Transylvania University names Dickinson associate dean for religious life
LEXINGTON, Ky.—T. Wilson Dickinson, a 2002 graduate of Transylvania University, has been named associate dean for religious life at the university, effective July 7. Dickinson will help the university integrate religious life with the liberal arts. The position is a natural outgrowth of Transylvania's commitment to ecumenism, reconciliation and inclusion in a 21st century context.
“Transylvania is committed to enabling students to know and experience the history and practices of various religious traditions and to interact with people of other faiths and practices,” said President R. Owen Williams. “This provides the tools they need to become informed and proactive leaders in today’s diverse world.”
Dickinson will promote spiritual development, theological reflection and social awareness on campus and will serve as chaplain for the campus community, adviser for student religious organizations and liaison between the university and the various religious bodies of Central Kentucky.
Dickinson received a master of divinity degree from Vanderbilt University and a Ph.D. in religion from Syracuse University. He served as a visiting assistant professor of philosophy at Transylvania during the 2011-12 academic year. Dickinson is an ordained minister in the Christian Church (Disciples of Christ). He cofounded Young Adult Ecumenical Forum, which offered conferences for college students of diverse backgrounds to engage in open theological conversation on issues such as poverty, ecological justice, violence and human trafficking. For the past year, Dickinson has been a worship leader at the Fayette County Detention Center.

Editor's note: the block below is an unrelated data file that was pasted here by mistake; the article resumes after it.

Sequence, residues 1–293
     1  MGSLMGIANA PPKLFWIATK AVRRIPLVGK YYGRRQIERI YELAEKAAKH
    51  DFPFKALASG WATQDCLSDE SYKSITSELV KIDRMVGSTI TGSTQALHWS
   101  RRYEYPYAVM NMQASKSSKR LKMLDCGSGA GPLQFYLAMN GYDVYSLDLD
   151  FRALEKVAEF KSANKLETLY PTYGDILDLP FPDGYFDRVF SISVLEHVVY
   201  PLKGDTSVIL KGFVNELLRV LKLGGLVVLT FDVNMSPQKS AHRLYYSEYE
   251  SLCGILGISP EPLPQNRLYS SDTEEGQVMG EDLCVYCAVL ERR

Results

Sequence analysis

Dickinson says his passion is counseling and leading students regarding issues of faith in their daily lives, focusing on intellectual inquiry, spiritual practice and social responsibility.
“I anticipate that a synergy will develop between the experiential components of my teaching, student immersion experiences and regular meetings such as quiet reflections, lunch discussions and service projects,” said Dickinson. “Creating communities, groups and practices will help students build bridges in their own lives so as to traverse the gap between college and their future.”
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